ACCESSIBILITY: The rules of this game are fairly simple to understand. The biggest complexity is how to use the cards, and the game comes with three levels of play. At the most basic level, there is no card draft before the game – instead, four starting nine card hands are laid out in the rules. These hands are fairly well balanced and provide a good introduction to game play for new players. I would use this version if playing with non-gamers or casual gamers. The intermediate level has a card draft, but only uses thirty of the cards (two copies of each one). These cards are not quite as confrontational as the remaining twenty, and are better for gamers just learning the game. The advanced version, as I mentioned, uses all cards including some with some pretty mean abilities. This is probably best for gamers that already know the game. So, the game is set up for a wide range of skill levels.
REPLAYABILITY: There are fifty different cards in the box, and the replayability comes from finding all the different card combos that you can do. By introducing a draft, the game becomes more replayable as you have to make tough decisions between cards. And with an expansion coming, there will be much more to explore. But, even with just the base game, there’s plenty there for many games.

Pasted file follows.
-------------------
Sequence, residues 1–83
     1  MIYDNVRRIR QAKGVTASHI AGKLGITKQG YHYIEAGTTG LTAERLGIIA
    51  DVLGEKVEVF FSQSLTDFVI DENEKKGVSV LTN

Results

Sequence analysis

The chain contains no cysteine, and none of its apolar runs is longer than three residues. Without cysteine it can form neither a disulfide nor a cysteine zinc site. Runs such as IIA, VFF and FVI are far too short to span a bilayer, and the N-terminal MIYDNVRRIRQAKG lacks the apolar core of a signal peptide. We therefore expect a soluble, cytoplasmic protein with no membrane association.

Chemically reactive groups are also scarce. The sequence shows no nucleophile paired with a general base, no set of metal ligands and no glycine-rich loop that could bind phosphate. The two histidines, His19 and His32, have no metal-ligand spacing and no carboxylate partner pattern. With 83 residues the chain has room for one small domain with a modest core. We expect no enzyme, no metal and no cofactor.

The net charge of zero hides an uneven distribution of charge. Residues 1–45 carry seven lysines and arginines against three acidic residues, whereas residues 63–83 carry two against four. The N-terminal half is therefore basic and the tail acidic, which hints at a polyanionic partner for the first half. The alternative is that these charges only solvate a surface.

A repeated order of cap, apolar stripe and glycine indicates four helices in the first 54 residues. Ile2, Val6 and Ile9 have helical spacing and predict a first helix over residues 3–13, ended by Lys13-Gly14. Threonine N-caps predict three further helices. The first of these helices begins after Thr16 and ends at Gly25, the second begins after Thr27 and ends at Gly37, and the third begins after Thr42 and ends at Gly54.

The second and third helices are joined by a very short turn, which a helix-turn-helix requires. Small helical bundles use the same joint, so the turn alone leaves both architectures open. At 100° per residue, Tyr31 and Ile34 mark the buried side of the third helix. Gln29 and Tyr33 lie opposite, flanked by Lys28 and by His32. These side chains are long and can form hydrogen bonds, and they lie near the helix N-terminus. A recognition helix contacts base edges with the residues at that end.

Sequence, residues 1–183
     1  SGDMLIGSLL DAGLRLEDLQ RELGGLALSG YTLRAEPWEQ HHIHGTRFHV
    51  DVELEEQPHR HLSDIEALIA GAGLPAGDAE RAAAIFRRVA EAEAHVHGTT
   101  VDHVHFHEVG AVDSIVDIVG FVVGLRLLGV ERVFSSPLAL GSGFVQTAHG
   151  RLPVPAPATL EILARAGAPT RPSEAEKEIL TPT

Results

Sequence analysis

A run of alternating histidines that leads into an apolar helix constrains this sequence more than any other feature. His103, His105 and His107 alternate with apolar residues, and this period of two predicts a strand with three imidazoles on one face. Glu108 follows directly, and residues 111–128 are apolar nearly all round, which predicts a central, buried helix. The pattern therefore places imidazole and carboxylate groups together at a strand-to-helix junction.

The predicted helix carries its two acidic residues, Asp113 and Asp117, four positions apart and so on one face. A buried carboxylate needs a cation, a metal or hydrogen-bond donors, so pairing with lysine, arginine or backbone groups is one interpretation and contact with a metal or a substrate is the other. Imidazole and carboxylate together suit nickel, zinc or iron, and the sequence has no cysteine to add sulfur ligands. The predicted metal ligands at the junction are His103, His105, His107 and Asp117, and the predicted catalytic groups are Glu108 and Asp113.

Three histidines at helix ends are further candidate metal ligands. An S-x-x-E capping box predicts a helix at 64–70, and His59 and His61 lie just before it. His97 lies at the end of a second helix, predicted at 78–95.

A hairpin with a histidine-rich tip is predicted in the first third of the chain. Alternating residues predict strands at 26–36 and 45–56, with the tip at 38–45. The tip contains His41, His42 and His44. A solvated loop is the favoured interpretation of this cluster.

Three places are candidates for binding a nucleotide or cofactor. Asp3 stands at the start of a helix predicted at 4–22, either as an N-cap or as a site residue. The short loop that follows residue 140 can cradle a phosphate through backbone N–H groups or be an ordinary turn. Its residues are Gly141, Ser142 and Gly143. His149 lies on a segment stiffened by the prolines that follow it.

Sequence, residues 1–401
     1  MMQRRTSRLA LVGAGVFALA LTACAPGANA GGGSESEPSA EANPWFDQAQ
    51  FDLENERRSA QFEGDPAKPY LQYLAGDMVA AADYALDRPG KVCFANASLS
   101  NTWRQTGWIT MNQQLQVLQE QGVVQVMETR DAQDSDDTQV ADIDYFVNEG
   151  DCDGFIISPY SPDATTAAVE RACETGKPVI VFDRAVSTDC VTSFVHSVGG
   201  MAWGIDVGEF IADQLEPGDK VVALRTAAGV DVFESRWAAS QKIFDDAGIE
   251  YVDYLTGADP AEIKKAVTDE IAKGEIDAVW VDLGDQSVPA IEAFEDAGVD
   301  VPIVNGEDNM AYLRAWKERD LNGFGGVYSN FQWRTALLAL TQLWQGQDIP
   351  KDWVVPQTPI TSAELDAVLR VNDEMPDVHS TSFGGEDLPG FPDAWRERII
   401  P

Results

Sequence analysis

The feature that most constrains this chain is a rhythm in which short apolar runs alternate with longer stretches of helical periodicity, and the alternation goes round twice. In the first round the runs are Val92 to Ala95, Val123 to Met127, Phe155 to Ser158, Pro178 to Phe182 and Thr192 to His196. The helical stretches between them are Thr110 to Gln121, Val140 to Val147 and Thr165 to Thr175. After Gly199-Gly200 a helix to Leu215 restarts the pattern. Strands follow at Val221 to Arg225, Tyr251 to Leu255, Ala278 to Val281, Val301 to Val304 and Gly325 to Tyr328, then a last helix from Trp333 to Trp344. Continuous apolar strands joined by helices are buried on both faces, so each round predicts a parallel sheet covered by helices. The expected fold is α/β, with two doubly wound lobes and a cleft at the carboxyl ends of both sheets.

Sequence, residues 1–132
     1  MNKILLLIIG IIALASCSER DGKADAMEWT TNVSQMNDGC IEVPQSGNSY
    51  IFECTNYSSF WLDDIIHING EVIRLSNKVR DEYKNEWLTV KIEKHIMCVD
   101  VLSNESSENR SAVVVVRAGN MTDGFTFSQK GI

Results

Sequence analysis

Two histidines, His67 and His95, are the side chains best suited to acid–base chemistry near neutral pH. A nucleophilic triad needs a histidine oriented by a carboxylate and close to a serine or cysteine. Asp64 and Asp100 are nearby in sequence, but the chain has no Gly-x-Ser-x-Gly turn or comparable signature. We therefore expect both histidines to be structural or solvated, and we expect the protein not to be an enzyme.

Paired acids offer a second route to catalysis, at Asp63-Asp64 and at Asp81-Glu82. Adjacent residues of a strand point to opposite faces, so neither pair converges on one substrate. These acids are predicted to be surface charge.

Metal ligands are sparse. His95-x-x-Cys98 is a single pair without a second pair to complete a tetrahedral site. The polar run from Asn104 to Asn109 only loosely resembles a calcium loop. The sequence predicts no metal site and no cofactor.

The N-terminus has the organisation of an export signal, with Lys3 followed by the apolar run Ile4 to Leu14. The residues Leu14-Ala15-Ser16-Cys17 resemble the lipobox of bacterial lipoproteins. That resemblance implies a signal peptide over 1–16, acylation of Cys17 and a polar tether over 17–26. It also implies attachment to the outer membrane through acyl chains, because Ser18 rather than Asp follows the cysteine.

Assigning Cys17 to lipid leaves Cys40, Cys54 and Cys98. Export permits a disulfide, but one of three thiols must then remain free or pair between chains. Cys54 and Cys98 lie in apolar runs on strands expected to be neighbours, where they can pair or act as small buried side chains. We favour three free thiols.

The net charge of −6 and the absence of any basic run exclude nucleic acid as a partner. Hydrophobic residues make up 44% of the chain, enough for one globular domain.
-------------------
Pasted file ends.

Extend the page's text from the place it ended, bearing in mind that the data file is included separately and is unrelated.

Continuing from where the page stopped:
SCALABILITY: Most people say that this game plays best with two players, but I tend to think that the draft suffers with that many. Four can take a little long, especially if you have people subject to AP. I like three the best myself, but I think it plays well with two and four. However, different people have different tastes, and there’s no doubt that the game does take longer the more players you have.
IS IT BUZZWORTHY? Yes. Seasons is my favorite game that I played in 2012, and I’m very glad to have gotten a copy. It is unique, it is simple to learn, there are tons of strategies to explore, and it is wonderfully gorgeous. I look forward to continuing to play it, and definitely am looking forward to the recently announced expansion, Enchanted Kingdom. Thanks for reading!